Way back in the 90s, I put a Sam Katz for Mayor sign in my Philadelphia window. To my recollection, it is the only political sign I have ever put out, if you don’t count my old “don’t blame me, I voted for Perot” bumper sticker.
Sam Katz was a republican candidate running for mayor in a Democrat town. Ed Rendell had run his two terms and up next on the Democratic ticket was John Street, a bully of a City Councilman who’d decided to throw his name in the ring. The city was still (yes) reeling from W. Wilson Goode’s two terms in office and finally getting over Frank Rizzo. Katz came out of nowhere and ran a solid campaign, convincing the city’s intelligentsia, and moreover, the editorial board of the left-leaning Philadelphia Inquirer.
The Inky endorsing a Republican candidate for mayor was the east coast equivalent of a magnitude 8 earthquake, and it left the Philadelphia Daily News editorial board in a bit of a pinch. The Inquirer had leaned left for so long that this shift caught everyone by surprise. The News pulled their endorsement editorial and sat on it for a week, during which the editorial board decided to endorse Street. Street went on to win the election, and by all measures was a good mayor for the city during his terms.
Some time after the election, the editor of the Daily News was interviewed about the endorsement of Street, and opened pointed out that endorsing Katz as they had wanted to do would not sell papers. Endorsing Street was news on many levels. First, it made a race out of the contest. Second, Street was a character – he sported a big afro with a white Bride-of-Frankenstein streak and kept a fleet of conversion vans and ATVs on his Overbrook property – and was known to lose his cool in Council meetings. Third, brother Milton Street was a multiply-convicted felon, so there was opportunity for scandal. And fourth, the flip-flop of positions by the two papers was news in and of itself. By holding their endorsement editorial, they kept the discussion of the papers’ roles in city politics at the forefront of discussion, selling a ton of papers on that news alone. Street’s personality was good for at least one feature a week. Milton stayed out of trouble for the most part. The race was on. Three out of four bets paid off. Papers sold, both from the News and from the Inquirer, too. Subscriptions at both papers went up.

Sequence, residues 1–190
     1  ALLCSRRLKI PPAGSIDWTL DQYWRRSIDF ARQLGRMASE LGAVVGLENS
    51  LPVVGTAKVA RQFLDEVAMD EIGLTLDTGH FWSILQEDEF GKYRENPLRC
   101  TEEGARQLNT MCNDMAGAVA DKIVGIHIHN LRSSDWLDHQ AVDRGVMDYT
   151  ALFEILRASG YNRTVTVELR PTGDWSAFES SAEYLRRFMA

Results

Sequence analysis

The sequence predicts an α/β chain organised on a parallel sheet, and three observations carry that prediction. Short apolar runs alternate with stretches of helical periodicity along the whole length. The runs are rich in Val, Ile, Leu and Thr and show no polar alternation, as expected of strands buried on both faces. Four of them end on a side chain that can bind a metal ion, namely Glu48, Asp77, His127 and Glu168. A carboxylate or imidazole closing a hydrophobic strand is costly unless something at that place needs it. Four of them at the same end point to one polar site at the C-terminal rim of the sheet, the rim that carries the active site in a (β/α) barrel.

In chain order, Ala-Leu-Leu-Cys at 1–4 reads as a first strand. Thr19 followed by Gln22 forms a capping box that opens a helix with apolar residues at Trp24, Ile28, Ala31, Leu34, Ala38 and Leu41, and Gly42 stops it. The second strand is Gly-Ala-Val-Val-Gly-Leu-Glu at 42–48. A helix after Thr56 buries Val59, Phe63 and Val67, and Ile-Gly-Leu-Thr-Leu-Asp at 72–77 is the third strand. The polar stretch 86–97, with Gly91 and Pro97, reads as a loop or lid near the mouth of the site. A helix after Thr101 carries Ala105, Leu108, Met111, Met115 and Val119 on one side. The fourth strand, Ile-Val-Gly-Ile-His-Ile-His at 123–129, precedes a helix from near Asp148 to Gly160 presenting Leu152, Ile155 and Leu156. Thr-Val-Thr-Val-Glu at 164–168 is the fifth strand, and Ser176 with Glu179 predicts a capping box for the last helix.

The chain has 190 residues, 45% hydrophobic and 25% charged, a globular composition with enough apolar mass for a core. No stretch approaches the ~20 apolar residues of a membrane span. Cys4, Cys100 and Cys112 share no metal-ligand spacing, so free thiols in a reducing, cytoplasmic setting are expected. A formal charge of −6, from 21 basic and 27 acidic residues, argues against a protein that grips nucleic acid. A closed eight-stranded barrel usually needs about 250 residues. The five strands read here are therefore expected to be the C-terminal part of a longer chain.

It’s arguable whether the Daily News’ endorsement and coverage actually influenced the election – Street was a popular black councilman with well-honed skills in back-room city management, and Katz was a total outsider of the Ross Perot mould who tanked with the working class. All the wishful thinking in Chestnut Hill wasn’t going to get Katz elected, and Street swept the neighborhoods. To be clear: this is about the media using the candidate, not the influence the media had over the public. Papers sold. The two papers successfully (if unplanned) co-opted the election for themselves.
This co-opting is happening again in our entire US media. The demand for clicks is so high that our newsmedia is going for anything that will sell their content, regardless of what it looks like. This is scary, because Donald Trump is no John Street. He’s no Sam Katz, either, not by a long shot.
So, dear media, please stop worrying about selling clicks. They are coming to you regardless. But I need reporting, not clickbait. I need the deep analysis more than ever. I need you to treat politics like the future of our country, not the Kardashians. I need your editors to double down on the meaning of “fit to print”. Please. Now.